Harry Redknapp is the wrong man for the England job

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After the shambles that the England team put on during the World Cup there was calls from various parties stating that Hodgson should relieved of his duties. A repeated suggestion that has reared its ugly head again is the idea of Henry James Redknapp taking over.

Redknapp is a master at working the media to suit himself, and is a classic old school manager. In fact I would even argue that the timing of the claims he made that some of his former players asked to not play for their countries was timed to perfection to get his name banded around again within the England debate.


Within recent tournaments we’ve seen two kinds of coaches be successful at international level, those that are a part of a philosophy introduced into their countries footballing culture which in tern breeds success through sticking to their beliefs. Spain and Germany have been the two most successful cases of this, with Belgium also demonstrating this with the vast array of stars that they have produced. This system has bread long term success for Spain and their coach Vincent Del Bosque who has allowed this philosophy to flourish.

The second type have been astute tactical managers who get their team through tournament football through a combination of nouse, experience and knowledge of their opposition. Otto Rehagal’s Greece in 2004 and Marcelo Lippi’s Italy in 2006 have been the biggest success stories of this type of management, grinding their way to success.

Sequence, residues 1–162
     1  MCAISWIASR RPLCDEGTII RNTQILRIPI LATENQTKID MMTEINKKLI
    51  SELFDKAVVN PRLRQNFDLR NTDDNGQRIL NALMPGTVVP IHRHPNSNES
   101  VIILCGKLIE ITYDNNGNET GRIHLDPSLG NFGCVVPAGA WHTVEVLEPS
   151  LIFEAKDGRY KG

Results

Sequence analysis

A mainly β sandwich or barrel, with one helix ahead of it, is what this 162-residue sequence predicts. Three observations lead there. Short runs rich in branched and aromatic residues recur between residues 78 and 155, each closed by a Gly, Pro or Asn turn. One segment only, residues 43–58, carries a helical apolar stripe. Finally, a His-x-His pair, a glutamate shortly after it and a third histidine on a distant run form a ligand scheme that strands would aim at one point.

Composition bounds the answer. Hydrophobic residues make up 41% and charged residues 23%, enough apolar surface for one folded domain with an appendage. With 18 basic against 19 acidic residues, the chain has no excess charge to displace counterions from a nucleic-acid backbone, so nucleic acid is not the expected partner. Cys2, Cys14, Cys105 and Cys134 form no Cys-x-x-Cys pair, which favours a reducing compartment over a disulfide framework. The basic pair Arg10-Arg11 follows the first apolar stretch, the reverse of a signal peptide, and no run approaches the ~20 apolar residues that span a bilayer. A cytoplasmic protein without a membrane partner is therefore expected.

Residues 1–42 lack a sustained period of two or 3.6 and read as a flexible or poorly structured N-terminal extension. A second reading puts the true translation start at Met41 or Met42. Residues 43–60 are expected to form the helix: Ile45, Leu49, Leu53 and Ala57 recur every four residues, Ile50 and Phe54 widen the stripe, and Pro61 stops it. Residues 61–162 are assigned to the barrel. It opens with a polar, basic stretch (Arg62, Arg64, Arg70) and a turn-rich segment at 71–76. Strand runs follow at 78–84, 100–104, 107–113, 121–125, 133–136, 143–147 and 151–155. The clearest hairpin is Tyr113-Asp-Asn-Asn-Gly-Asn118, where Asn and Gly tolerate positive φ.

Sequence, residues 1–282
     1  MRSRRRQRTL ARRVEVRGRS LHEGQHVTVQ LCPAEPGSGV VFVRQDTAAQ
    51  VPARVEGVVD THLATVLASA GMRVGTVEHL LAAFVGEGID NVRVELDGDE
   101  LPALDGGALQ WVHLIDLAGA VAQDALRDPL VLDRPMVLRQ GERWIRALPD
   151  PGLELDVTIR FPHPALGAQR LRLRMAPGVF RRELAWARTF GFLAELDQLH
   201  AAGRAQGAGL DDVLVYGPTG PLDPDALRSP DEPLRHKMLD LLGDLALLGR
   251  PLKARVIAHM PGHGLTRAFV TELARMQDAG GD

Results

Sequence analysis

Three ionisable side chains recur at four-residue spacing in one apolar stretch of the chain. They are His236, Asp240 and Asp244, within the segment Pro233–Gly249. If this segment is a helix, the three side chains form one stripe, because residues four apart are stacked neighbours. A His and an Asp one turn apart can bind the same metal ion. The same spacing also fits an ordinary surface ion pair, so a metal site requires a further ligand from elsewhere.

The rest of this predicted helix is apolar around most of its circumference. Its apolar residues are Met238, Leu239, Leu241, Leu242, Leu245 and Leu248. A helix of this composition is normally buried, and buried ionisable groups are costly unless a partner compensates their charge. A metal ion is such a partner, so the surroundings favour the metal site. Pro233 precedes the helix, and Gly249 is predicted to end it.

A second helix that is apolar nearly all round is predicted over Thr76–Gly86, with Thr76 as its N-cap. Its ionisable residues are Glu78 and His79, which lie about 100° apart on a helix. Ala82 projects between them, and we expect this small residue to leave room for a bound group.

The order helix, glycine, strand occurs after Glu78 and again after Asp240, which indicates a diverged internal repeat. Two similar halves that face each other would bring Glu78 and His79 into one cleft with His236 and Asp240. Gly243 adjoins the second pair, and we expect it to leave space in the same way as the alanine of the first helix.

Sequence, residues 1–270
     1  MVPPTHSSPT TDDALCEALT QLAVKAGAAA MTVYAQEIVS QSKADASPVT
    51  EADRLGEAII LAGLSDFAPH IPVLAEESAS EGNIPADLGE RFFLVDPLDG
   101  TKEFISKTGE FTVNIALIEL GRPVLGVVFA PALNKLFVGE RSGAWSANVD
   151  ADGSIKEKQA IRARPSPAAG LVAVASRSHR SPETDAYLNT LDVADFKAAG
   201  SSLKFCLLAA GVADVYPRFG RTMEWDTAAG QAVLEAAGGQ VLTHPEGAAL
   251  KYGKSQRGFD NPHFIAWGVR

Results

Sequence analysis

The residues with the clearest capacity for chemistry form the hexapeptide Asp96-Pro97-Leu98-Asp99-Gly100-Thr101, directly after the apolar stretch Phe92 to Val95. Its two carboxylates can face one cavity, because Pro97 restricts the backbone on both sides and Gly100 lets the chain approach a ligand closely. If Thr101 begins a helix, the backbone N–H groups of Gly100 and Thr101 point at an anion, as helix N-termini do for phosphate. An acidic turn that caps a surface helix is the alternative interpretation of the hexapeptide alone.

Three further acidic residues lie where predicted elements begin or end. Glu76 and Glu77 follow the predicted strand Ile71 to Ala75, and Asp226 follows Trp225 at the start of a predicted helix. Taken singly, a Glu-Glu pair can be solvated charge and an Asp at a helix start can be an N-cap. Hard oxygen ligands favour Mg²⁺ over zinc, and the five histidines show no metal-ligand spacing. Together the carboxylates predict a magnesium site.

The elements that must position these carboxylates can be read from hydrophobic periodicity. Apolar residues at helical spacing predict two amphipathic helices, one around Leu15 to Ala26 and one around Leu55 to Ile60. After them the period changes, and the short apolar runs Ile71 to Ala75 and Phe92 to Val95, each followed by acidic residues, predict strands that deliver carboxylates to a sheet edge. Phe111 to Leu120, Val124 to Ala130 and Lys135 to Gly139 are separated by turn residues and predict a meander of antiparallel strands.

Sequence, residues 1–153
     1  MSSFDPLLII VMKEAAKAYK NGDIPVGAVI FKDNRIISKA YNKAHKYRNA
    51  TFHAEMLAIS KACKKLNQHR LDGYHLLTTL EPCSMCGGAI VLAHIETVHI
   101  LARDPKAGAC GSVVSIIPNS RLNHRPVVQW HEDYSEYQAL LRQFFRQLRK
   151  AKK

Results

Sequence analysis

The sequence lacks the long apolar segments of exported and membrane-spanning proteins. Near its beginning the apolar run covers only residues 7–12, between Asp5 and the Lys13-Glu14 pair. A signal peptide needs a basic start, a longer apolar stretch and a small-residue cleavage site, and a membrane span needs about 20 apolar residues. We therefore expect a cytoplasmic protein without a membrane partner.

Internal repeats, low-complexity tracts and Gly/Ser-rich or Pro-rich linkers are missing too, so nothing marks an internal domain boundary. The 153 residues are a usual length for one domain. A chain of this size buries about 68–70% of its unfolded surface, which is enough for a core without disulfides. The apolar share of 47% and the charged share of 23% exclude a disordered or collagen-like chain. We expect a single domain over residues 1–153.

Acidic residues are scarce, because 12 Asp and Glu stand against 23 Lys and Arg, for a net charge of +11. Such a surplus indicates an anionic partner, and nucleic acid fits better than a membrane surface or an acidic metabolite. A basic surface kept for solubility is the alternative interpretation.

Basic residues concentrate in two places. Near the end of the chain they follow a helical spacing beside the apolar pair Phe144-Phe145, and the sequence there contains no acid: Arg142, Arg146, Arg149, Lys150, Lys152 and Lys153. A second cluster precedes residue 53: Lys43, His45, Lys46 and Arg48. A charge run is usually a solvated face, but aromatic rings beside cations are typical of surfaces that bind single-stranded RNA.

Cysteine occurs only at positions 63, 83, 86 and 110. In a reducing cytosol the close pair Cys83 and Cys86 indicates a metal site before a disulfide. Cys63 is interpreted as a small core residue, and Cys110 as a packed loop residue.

Different beast

Harry Redknapp is a different animal in management. He comes across as an old school motivator who brings success by putting round pegs in round holes and getting the team playing for him. While this type of management could succeed at international level, sometimes you don’t have a peg the right shape for your hole and you have to adapt accordingly. At club level you can purchase a peg in the correct shape for your team (hence the ‘whealer-dealer’ tag Redknapp has acquired in his career).

England currently don’t have a set philosophy to their international play, and it is going to take a long time to implement one. With Redknapp being 67-years-old he isn’t going to be around long enough to implement a philosophy. Similarly he isn’t a tactically astute coach as shown in the way he stuck to a rigid 4-4-2 with Spurs when they began to fall away in title races and races for fourth place.


His recent acquisition of Glenn Hoddle as a tactical coach highlights his attempts to counter his own deficiencies. In complete contrast to Harry Redknapp, England’s current manager Roy Hodgson has a vast amount of experience managing in various countries around Europe as well as previous spells in charge of other national teams. He has a tactical knowledge superior to that of Redknapp, and Fulham’s run to the 2010 Europa League Final proves he has the ability to take an un-fancied team, who are far from being favourites to win a competition, to the later stages.

Long term England and the FA have to develop a style of play throughout all England teams, with this being developed alongside a younger coach who is a part of this philosophy. However, until this philosophy has been implemented, a tactical coach like Hodgson is the best option to maintain a level of performance within the senior England team until this philosophy can produce the next generation of players, truly taking control of English Football.

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